Gerald Baier (Ph.D, Dalhousie) joined the department in 2003. His teaching and research interests are in Canadian politics with a focus on the Constitution, federalism and public law. He is a regular commentator on federal politics in national and local media. His past research has explored the role of judicial decision-making in the shaping of federalism in Canada, Australia and the United States. He is presently conducting a comprehensive study of the Supreme Court of Canada’s institutional character and processes.
The Canadian Regime (6th Edition) with Patrick Malcolmson, Richard Myers and Thomas M.J. Bateman (Toronto: UTP Higher Ed, 2016)
Contested Federalism: Certainty and Ambiguity in the Canadian Federation with Herman Bakvis and Douglas M. Brown (Toronto: Oxford University Press, 2009)
Courts and Federalism: Judicial Doctrine in the United States, Australia, and Canada (Vancouver: UBC Press, 2006)
“Canada: Federal and Subnational Constitutional Practice “in Alan Tarr and Michael Burgess eds., Constitutional Dynamics in Federal Systems: Subnational Perspectives (Montreal and Kingston: McGill-Queen’s University Press, 2012)
“Fixed Election Dates, The Continuous Campaign and Campaign Advertising Restrictions” (with Jennifer Smith) in Herman Bakvis and Mark Jarvis eds., From ‘New Public Management’ to the ‘New Political Governance’ (Montreal and Kingston: McGill-Queen’s University Press, 2012)
“The New EU Constitution: Federalism and Intergovernmental Relations – Lessons from Canada.” Regional and Federal Studies 15:2 (June 2005)
“Arbitrating a Fiction: The Nova Scotia/ Newfoundland and Labrador Boundary Dispute and Canadian Federalism.” Canadian Public Administration 46:3 (Fall 2003) (with Paul Groarke)
New Judicial Thinking on Sovereignty and Federalism: Canadian and American Comparisons Justice System Journal 23:2 (2002)
Tempering Peace, Order and Good Government: Provincial Inability and Canadian Federalism. National Journal of Constitutional Law 9(3) October 1998, 277-305.
Professor Baier welcomes the opportunity to work with graduate students interested in topics related to federalism, the Constitution, the Charter of Rights and Freedoms, intergovernmental relations and the courts.
Jonah Goldberg (2017)
Jessica Weller (2017)
Chelsea Lehner (2017)
David Chesman (2016)
Jamie Pow (2015) “Leave it to the amateurs : a career development explanation of political experience among Members of the Canadian Parliament” Jamie is a Ph.D Student in Political Science at Queen’s University (Belfast).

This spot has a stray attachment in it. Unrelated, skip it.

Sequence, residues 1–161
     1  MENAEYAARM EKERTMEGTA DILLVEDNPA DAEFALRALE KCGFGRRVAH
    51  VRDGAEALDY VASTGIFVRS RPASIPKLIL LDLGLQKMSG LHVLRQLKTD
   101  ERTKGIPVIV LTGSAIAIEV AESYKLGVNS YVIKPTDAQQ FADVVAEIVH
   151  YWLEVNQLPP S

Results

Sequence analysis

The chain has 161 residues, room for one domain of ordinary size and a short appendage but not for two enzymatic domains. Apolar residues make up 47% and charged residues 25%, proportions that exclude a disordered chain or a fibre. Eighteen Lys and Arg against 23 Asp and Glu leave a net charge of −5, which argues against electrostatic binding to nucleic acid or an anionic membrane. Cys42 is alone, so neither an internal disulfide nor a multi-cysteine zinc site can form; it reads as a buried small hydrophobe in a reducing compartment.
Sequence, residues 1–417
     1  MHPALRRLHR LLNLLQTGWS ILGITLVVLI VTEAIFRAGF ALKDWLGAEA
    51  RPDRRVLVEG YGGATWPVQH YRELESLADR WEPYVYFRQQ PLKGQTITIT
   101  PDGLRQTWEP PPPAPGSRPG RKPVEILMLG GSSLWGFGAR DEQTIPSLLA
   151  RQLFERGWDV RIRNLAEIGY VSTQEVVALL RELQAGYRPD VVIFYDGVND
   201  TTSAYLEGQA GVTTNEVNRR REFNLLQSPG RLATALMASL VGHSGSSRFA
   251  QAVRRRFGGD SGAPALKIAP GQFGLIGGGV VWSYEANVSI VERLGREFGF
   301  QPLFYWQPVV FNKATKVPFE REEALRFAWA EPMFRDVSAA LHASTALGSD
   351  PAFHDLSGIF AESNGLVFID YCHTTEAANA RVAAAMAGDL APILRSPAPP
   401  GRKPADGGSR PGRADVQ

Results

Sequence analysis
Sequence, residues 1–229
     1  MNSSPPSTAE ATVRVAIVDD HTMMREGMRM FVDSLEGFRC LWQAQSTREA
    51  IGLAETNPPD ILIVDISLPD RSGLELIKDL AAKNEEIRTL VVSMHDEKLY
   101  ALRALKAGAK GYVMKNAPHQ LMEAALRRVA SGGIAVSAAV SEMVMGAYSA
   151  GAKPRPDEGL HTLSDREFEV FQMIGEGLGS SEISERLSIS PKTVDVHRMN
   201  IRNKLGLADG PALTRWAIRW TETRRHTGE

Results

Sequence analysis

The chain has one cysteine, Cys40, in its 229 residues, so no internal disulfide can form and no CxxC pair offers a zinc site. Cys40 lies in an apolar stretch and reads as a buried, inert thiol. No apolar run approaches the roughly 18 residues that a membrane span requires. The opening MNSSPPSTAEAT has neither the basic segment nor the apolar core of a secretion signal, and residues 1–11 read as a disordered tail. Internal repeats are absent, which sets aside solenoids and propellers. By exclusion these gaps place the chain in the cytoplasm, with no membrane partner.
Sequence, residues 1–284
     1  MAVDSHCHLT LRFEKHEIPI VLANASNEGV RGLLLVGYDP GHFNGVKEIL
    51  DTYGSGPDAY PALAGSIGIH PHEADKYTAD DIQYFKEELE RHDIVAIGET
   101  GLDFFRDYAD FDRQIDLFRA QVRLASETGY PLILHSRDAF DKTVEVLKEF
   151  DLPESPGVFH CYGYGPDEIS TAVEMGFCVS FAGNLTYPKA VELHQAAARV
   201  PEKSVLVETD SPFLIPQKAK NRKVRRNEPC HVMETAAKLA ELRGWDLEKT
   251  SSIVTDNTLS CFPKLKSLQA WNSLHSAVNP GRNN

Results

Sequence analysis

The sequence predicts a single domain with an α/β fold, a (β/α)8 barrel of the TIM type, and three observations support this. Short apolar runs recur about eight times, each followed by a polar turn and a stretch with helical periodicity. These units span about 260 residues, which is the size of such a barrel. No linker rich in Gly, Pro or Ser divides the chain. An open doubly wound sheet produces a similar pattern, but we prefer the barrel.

Émilie Horrocks-Denis (2013) “The rocky road to reconciliation : exploring the effects of Aboriginal title jurisprudence on the relationship between First Nations and the Crown in Canada.” Emilie is a law student at McGill University.
Joel Nikkel (2010) “Expert witnesses : why the Evangelical Fellowship of Canada selects legal mobilization” Joel is Principal Giving Coordinator at Hope Mission in Edmonton, AB.
Liam O’Flaherty (2008) “Doing Provincial Constitutions Differently: Codifying Responsible Government in the Age of Executive Dominance” Liam is a PhD Student in History at Simon Fraser University
Linda Whittaker (2007) “Culture for One or Culture for All? How Canadian Federalism Influences Federal and Provincial Policy Toward the Book Publishing Industry.” Linda is a PhD Student in Accounting at the University of Waterloo.
Erin Crandall (2006) “Reforming the Economic Union: The Agreement on Internal Trade and Intergovernmental Relations in Canada.” Erin is an Assistant Professor of Political Science at Acadia University
Robert Babczak (2005) “Debating an Ideal Federal Arrangement for the European Union.” Robert is Director of Corporate Relations and University Affairs at Montreal Medical International Inc.
Philip Gass (2004) “Prime Ministers and Canadian Foreign Policy.” Philip is Senior Policy Advisor with the International Institute for Sustainable Development.